Rotisserie Chicken Recipe Over A Fire
It’s camping season bitches! So let’s lets not eat like shit when we go camping and make some delicious rotisserie chicken over a campfire. All you need is the rotisserie and the chicken and you are good to go!
How To Cook Chicken Over A Fire
The first time I saw someone cook a whole chicken over a fire was about 30 years ago when a friend of mine made one on a camping trip. His method was quite rustic and simple. He took three tree branches, cleaned them off and soaked one in the river for a bit. Then he stuck two of the branches in the ground next to the fire pit, grabbed the third branch out of the river, stuck the chicken on it and set it on the other two sticks over the fire. I thought it was genius really, but this is how people did it for years. Unfortunately, we did not have any spices so my friend Darcie and I melted some butter and crushed some Doritos with butter and rubbed it all over the chicken. This turned out to be one of the best damn chickens I had ever had.
Rotisserie Chicken Cooking Gear
Fortunately, my choice of rotisseries has improved over the years. While using sticks can be fun, it isn’t very sanitary and the older I get, the lazier I get so I simplified things and got a battery operated rotisserie instead. This little son of a bitch is the greatest thing since an electric guitar in the hands of Jimmy Page. Awesome!
Rotisserie Chicken Recipe
How does rotisserie chicken make someone an asshole? Well, you fool the shit out of little kids and call it a river chicken. Years ago I went camping with a friend and his fiance’ who happened to have two small children ages 2 and 5. We had set up camp and everyone decided to take a nap except me. I decided I wanted to find some sticks to make rotisserie chicken and get the bird cleaned up for cooking. I meandered down to the river with my sticks and the chicken and proceeded to clean everything up and secure the chicken to the stick. I could hear everyone in camp stirring up so I made my way back to camp. When the kids saw me they were on complete and utter amazement that I had come up from the river with a chicken on a stick. This is when my inner asshole took hold and I told them I had been river chicken hunting and had caught one. I told them all about my ole Native American friend, Darcie, who had taught me all about the ways of hunting river chicken and that it was an ancient and sought-after skill. The kids ate it up hook, line, and sinker.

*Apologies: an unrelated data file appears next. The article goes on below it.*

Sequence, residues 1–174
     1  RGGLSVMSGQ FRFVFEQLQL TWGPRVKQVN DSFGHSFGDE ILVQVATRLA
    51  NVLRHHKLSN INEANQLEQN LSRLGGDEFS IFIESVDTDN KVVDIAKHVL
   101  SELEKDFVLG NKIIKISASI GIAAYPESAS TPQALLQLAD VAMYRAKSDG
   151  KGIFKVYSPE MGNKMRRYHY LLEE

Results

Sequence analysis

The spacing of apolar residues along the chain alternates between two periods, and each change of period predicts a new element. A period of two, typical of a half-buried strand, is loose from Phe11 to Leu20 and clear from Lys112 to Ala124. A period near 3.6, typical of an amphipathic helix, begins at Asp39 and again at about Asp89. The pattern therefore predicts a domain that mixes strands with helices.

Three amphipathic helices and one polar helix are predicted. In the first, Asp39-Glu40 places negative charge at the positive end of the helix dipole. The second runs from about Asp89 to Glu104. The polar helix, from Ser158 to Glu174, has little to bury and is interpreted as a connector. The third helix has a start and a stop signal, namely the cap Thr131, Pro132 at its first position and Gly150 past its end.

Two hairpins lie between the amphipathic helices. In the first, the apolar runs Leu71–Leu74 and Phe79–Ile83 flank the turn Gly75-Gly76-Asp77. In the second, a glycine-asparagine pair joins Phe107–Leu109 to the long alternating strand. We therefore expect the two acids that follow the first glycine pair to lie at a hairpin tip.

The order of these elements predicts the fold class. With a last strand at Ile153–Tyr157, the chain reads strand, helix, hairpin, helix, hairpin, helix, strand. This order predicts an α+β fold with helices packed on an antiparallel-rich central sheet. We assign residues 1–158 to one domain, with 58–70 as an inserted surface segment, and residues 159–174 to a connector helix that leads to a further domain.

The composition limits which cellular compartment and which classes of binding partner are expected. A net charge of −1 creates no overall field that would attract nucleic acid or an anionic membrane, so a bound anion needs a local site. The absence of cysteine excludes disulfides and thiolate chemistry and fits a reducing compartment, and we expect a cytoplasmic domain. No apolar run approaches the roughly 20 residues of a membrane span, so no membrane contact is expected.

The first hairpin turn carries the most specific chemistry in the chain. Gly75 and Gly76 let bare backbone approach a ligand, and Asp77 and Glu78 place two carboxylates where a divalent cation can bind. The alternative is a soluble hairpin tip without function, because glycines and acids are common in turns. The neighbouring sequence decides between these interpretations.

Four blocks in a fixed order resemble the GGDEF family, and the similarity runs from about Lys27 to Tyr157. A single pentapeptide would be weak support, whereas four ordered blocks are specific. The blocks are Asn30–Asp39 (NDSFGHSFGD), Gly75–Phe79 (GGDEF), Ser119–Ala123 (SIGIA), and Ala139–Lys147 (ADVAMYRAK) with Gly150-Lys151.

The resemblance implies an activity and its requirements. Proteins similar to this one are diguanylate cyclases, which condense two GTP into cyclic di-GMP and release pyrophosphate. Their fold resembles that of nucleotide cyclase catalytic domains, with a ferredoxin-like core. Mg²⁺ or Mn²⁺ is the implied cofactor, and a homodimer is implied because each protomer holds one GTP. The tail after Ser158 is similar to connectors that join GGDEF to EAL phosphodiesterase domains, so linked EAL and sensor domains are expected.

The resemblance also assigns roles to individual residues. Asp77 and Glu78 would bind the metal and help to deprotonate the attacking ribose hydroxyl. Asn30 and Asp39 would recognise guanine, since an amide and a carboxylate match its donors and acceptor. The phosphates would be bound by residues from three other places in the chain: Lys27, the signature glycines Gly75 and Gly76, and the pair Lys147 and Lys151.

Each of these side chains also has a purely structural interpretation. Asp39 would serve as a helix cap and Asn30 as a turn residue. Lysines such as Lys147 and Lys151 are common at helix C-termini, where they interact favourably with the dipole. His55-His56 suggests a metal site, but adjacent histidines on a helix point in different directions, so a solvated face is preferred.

Needless to say, all the adults were laughing their asses off at this whole thing. When my friend Darcie’s mom heard about it, she took old fishing licenses and turned them into river chicken licenses. And when Darcie got married a few years later, I attended her shower. The shower attendees were asked to bring a 3 x 5 card with a recipe on it. Needless to say, I bought the river chicken recipe. Which by the way, is just butter and crushed Doritos used for the rub.
How To Make Rotisserie Chicken Recipe
Rotisserie chicken needs just a couple of things, a fire, a rotisserie, and a chicken. I know, I had to actually insult your intelligence and tell you that? Seriously though, the chicken still needs some spices for flavor, but that is how damn easy it is to make rotisserie chicken. To make the chicken even better, use a rub or a brine to really bring out the flavor. While Doritos work in a pinch, a good chicken rub recipe is even better, or just keep it simple with just some salt and pepper.
Grill dog gives this recipe four paws up!
Don't eat like shit when you go camping, instead make this simple, delicious rotisserie chicken that is fun and easy.
- 1 whole chicken (or two for more people)
- 2 tbsp dry rub
- 1 gal brine (optional)
- 2 tbsp olive oil
If you are making this while camping prep the chicken at home by cleaning out the chicken and bringing if desired. The chickens can be stored in gallon sized zip lock bags. Do not over brine the chicken.
Build a fire and let it burn down a bit to create a good coal base. Alternatively, you can use charcoal.
Place the rotisserie stands in the ground. Try to get them in deep enough that they will not tip over and so that you do not have to build a supertall fire just to cook the meat.
Place the chicken on the rotisserie bar and rub olive oil all around.
Add your spice rub all around. Place thermometer in the chickens between the leg and the thigh.
Place the rotisserie forks on the bar to secure the chicken and place the bar over the fire on the stands. Add the rotisserie motor and turn it on.
Build the fire up or down to control the heat. If the bird starts to get too dark too fast, spread out the fire. If it does not appear to be cooking at all or turning brown slowly, build up the fire in small stages.
Once the bird reaches at least 165º F it is done or almost done. You might consider cooking it a little longer just to be safe. If you carve into the chicken and it is still pink, place back over the fire until done and juices run clear.
Let rest for about 20 minutes before serving with your favorite side dish.
This is very similar to rotisserie chicken over a grill, only you don't have a cover so cooking times will likely be longer.